Bono’s father had a stunning tenor voice with which he mesmerized the town. “For years after Iris died, he would reduce a room of relations to a puddle by breaking into Kris Kristofferson’s For the Good Times.” He never took note of his son’s burgeoning interest in music. Bono had to nurture his own dreams with encouragement from a beautiful girl who crossed his path in September 1973 – Alison Stewart, his future wife.

Bono does not describe himself as being especially gifted at singing, writing, or musicianship, but lays claim to stirring melodies in his head that await expression. In point of fact, he is an exceptional artist who mines life’s experiences for the universal truths that strikes chords in his audience’s hearts. As I read the backstories for his creations, I kept wishing I’d been a fan all these years and could hear the associated melodies. His writing is as authentic and captivating as his poetry. I had to force myself to put the book down when other pressing matters decided to intrude.

Bono became as adept at the business of music as he was making music. The band hired an exceptional manager who deftly navigated the terrain in the band’s favor. They assembled a team of folks to manage their studio recordings and tours; they’ve stayed with the group for years. Of note is the fact that the band remained true to their artistic vision in the face of tremendous pressure to sell out or catch the wave of popular demand. They wanted their music to mean something and to break new ground in the creation of it. Perhaps that’s why they’ve stayed relevant (and together) all these years.

Bono has been front and center on several major campaigns to provide relief and succor to “the least of these.” He lobbied heads of state to grant debt relief to African nations at the start of the new Millennium. He has worked with governments and megadonors to provide solutions for the AIDS crisis in African as well as eradicate malaria and tuberculosis. He and his wife have lived an worked among the poorest of the poor in places like Ethiopia and El Salvador. He is passionate and determined.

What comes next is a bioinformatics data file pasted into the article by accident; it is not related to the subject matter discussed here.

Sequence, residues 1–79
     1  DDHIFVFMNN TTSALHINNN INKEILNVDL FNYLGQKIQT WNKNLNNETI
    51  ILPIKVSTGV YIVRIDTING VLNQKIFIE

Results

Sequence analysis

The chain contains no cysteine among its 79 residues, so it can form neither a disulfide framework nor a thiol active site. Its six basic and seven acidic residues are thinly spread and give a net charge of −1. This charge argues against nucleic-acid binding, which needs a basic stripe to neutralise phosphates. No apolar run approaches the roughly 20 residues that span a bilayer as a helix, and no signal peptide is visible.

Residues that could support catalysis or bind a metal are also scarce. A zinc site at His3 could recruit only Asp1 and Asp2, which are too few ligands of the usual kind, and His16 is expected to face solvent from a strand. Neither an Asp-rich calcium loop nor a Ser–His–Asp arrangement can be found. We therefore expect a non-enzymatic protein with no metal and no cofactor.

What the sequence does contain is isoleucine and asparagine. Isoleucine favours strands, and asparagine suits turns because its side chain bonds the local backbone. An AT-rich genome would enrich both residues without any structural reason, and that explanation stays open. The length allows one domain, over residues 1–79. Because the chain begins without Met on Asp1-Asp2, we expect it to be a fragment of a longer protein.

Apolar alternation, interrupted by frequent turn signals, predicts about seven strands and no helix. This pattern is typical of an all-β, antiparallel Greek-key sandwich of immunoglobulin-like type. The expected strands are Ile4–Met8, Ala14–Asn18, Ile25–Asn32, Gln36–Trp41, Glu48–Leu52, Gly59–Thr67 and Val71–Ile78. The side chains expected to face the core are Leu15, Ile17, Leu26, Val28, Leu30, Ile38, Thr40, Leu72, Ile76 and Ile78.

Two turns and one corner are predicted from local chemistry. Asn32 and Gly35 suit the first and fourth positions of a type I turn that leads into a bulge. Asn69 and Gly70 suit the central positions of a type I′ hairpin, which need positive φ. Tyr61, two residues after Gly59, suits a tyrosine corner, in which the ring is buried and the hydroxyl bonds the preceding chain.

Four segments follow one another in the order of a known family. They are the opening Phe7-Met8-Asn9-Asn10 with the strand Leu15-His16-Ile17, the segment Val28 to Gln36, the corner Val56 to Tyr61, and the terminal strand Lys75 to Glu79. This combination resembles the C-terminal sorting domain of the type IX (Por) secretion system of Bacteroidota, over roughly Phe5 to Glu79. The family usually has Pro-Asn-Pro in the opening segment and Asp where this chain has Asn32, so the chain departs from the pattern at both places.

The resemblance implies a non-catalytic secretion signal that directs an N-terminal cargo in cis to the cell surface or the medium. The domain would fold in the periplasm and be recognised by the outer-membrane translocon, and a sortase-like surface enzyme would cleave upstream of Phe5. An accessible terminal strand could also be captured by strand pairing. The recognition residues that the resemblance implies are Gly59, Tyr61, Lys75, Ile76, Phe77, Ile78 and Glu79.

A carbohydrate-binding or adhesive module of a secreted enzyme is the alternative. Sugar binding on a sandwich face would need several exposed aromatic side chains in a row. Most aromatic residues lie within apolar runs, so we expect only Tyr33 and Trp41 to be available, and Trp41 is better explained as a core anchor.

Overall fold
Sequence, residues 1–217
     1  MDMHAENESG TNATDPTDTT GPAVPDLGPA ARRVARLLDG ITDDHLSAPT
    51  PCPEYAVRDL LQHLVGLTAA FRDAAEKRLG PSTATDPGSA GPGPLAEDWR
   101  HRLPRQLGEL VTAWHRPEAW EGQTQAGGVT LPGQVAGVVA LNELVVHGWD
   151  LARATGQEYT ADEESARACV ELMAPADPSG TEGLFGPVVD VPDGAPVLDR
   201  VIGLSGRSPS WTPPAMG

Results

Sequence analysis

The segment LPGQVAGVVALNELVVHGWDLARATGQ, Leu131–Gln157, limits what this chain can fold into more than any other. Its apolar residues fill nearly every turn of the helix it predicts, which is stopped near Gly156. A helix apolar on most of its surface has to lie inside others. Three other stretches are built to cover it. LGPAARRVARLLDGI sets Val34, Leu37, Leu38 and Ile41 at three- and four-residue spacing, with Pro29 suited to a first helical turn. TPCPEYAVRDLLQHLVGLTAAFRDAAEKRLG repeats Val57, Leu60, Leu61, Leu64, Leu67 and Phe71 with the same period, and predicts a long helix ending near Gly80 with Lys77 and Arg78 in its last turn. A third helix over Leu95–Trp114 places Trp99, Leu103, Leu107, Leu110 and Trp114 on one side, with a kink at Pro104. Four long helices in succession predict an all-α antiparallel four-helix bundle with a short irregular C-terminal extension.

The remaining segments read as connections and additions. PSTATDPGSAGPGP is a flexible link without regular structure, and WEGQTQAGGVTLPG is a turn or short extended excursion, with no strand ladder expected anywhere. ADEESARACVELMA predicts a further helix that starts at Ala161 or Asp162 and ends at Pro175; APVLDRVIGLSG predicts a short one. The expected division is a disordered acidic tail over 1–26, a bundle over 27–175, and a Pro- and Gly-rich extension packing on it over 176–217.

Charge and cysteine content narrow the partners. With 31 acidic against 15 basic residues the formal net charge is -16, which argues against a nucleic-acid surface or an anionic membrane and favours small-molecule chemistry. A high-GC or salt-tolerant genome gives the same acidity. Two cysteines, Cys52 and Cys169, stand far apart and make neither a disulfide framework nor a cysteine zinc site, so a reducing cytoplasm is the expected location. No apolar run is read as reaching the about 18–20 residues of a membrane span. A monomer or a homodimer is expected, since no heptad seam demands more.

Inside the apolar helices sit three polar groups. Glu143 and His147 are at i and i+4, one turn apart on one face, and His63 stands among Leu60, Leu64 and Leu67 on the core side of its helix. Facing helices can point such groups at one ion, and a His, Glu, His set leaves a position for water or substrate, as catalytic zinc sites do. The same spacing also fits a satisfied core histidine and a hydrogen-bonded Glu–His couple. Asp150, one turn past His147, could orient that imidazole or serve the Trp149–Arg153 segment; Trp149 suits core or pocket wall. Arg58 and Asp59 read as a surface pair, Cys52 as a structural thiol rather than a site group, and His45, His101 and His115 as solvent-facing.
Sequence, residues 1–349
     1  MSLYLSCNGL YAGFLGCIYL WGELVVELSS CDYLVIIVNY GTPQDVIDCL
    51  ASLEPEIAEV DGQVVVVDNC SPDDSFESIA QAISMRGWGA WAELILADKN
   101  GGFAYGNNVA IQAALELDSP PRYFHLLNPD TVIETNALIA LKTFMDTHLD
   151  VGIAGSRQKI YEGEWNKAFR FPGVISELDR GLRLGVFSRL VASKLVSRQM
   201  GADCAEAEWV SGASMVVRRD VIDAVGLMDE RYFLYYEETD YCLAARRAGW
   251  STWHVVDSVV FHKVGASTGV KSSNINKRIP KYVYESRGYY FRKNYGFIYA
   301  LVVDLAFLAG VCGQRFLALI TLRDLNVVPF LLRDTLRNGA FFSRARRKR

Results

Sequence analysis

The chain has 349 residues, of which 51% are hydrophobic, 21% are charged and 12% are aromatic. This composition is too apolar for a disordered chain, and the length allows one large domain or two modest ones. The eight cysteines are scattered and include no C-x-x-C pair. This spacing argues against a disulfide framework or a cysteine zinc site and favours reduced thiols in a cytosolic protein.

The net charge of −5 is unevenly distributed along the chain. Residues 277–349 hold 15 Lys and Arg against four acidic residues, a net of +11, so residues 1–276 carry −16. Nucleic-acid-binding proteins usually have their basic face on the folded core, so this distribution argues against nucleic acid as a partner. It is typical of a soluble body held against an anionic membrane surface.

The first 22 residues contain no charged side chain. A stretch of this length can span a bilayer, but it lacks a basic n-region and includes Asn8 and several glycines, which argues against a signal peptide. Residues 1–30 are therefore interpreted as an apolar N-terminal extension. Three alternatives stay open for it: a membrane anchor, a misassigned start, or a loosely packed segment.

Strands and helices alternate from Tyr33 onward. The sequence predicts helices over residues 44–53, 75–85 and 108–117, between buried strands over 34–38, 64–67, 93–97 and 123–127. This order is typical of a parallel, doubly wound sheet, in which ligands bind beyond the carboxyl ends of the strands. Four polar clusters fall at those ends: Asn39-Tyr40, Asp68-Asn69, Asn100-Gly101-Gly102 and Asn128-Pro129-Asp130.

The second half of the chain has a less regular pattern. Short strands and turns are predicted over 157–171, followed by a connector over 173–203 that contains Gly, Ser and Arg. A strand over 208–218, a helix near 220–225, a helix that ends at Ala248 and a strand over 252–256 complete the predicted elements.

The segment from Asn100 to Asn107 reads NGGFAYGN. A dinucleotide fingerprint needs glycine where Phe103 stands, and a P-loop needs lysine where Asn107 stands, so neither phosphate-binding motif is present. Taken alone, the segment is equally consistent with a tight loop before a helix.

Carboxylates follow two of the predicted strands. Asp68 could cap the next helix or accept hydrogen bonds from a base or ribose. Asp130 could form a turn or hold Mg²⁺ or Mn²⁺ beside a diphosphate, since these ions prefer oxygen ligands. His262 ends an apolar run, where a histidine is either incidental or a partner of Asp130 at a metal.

Bono is a man of faith. He stands in awe of the scripture for their capacity to navigate the world beyond the physical. He is wary of religion and its various sects and denominations. For Bono, faith is “more like a daily discipline, a daily surrender and rebirth. It’s more likely that church is not a place but a practice, and the practice becomes the place.” For those who wish to experience the divine, Bono says: “God is with the poor and vulnerable, and God is with us if we are with them.”

Finally, Bono is a committed family man. His memoir is as much an enduring love story to his wife as it is a journey through his life’s experiences and reflections. In reading about the family, I found myself wishing I could meet this remarkable woman and the four children that they brought into this world.

I’ve become a fan and will likely get around to enjoying all of U2’s music. Meanwhile, I encourage my readers to make a date with Surrender.

Patsy Takemoto Mink

I haven’t placed a spotlight on an inspirational person for quite a while and decided to remedy that situation with a short bio on the first woman of color to be elected to serve in the United States Congress.

Patsy MinkPatsy Matsu Takemoto was born on December 6, 1928 at a sugar plantation camp on the island of Maui. Her mother, Mitama Tateyama Takemoto, was a homemaker who raised Patsy and her older brother, Eugene. Her father, Suematsu Takemoto, was the first Japanese-American to graduate from the University of Hawaii and worked as a land surveyor for the East Maui Irrigation Company. The family moved to Honolulu after World War II when Suematsu established his own land surveying company.

Patsy enrolled at the University of Hawaii with the intention of pursuing a career in medicine. Having earned bachelor degrees in zoology and chemistry in 1948, she secured placement as one of two women admitted to the University of Chicago Law School. While playing bridge one evening, she met a former U.S. Air Force navigator named John Francis Mink. The two fell in love and married in January 1951. That Spring, Patsy graduated with her Juris Doctor degree, and John received his Master’s Degree in geophysics.